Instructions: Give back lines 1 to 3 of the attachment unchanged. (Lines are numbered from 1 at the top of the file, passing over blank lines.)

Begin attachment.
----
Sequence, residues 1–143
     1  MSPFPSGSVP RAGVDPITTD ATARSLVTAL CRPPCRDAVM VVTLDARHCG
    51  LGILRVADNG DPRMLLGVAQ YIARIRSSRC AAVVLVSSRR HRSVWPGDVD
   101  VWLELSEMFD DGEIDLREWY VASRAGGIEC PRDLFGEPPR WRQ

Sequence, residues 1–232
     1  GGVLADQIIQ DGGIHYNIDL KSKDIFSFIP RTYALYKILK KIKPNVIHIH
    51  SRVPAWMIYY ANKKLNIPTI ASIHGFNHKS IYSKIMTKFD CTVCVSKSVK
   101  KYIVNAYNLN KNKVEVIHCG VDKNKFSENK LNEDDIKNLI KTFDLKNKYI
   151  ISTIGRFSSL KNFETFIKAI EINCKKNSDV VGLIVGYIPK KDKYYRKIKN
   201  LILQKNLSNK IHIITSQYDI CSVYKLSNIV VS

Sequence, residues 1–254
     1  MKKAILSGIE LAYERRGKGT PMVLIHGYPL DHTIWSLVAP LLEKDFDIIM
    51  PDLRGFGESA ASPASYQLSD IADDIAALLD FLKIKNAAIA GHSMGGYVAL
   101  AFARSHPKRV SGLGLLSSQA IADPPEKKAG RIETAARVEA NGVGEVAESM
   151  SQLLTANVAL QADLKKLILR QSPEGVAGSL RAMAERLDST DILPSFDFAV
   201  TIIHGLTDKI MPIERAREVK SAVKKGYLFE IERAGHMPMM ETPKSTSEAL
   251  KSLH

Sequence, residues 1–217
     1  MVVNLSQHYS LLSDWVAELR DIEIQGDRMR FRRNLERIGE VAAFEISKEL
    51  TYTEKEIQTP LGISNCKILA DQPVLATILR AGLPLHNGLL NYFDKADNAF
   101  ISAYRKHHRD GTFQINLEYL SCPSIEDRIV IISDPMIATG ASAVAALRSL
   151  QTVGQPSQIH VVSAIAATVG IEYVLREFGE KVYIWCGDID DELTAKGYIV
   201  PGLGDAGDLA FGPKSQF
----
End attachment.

Sequence, residues 1–143
     1  MSPFPSGSVP RAGVDPITTD ATARSLVTAL CRPPCRDAVM VVTLDARHCG
    51  LGILRVADNG DPRMLLGVAQ YIARIRSSRC AAVVLVSSRR HRSVWPGDVD